Wow, they beat the odds, they overcame adversity, they’re an inspiration to us all. They’re so courageous!
This is the usual positive way peoples with disabilities are portrayed in the media. The most prominent example is Christopher Reeve who the able bodied population admired because of his determined struggle to overcome his paralysis. But stories like his are commonly played in local news programs, magazines, or in TV shows.
Judging from how often such stories air, I must conclude that people like seeing them. Certainly no one seems to be complaining. I can understand their appeal. They offer a compelling narrative that viewers want to hear because it affirms their own struggles and shows that even the most difficult goals can be achieved. The narrative is often presented as a story of challenge, struggle, and unlikely success.
I gather from my own experience and from that of other disability bloggers that the “So Courageous” spirit exemplified in these stories is also a little troublesome and not as innocent as media would have us believe. In this series I will present multiple examples of this phenomena in order to winnow out the issues that are present in what has become the definitive “positive” presentation of disabilities in our culture.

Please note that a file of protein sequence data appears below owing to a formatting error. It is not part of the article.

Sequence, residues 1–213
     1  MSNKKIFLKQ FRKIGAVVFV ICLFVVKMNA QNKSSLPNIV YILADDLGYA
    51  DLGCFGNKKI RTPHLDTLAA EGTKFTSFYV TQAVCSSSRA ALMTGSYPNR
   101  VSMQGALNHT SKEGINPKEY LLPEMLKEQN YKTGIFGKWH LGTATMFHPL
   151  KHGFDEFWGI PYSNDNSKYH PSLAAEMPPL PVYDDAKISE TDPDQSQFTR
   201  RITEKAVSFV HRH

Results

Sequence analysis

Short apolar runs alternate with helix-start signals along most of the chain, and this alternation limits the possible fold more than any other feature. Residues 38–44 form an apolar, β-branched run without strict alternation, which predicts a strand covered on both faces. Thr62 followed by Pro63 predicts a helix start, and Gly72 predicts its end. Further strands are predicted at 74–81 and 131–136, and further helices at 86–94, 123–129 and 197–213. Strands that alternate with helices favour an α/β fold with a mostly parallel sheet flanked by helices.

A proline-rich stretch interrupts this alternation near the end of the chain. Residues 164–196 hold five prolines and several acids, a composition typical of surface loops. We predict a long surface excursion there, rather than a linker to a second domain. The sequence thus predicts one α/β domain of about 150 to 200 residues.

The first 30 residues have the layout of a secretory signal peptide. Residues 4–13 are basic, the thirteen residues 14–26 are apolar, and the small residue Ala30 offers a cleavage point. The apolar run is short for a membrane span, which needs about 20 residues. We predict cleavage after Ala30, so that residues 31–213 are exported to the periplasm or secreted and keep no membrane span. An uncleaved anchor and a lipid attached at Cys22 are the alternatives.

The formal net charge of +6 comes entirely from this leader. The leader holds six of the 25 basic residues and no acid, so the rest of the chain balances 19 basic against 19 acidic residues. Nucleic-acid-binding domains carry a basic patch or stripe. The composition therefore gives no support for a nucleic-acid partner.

For a little background about my “So Courageous!” terminology, check out this South Park episode when you have 20 minutes to kill. In this episode, the children of South Park are spurned by their parents for their intolerance of their gay schoolteacher’s outrageous behavior. The parents give the teacher an award for being “so courageous” in the face of their children’s discrimination, only to realize later that his behavior was actually inappropriate. Note that this episode may be offensive to some viewers, although I just think it’s hilarious.
Stay tuned for Act 2 where I'll explore the issues surrounding this topic.
This blog is about reconciling the two worlds of disability understanding. On one side are the strong voices of activists in the disability community. On the other is the well meaning but naïve/ ignorant able bodied population who see disability as something pitiable. As an able bodied person who has realized the very compelling and interesting arguments about society and life coming from the disability community, I am compelled to referee the exchanges between the two sides. Often times it seems that everyone is speaking so loudly and with such great conviction that the other doesn't even listen. Since I am not personally motivated by either side, I can weigh both sides of the arguments and hopefully facilitate an open and accepting space for both sides to express themselves and learn about each other. Please join the discussion!